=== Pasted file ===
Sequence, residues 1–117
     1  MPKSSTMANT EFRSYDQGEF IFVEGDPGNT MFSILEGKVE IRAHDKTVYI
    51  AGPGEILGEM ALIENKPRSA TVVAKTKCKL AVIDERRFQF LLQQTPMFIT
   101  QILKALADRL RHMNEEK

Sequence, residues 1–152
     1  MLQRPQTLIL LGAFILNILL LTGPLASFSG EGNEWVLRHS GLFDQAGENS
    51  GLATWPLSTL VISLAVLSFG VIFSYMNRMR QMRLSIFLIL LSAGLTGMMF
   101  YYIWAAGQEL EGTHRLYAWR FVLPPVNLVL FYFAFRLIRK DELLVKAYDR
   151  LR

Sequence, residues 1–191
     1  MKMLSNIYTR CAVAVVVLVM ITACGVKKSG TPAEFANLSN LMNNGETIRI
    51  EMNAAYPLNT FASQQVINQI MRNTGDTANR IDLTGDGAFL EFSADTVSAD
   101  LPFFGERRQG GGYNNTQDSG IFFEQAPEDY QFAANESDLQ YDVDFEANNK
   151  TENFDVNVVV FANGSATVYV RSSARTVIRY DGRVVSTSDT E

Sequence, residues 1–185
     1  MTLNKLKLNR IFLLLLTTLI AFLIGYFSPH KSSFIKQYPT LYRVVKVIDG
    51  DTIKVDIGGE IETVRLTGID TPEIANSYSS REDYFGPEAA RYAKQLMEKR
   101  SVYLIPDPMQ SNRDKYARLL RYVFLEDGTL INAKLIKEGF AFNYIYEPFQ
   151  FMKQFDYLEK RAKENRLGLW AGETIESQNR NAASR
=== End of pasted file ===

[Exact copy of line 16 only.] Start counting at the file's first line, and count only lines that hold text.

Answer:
     1  MTLNKLKLNR IFLLLLTTLI AFLIGYFSPH KSSFIKQYPT LYRVVKVIDG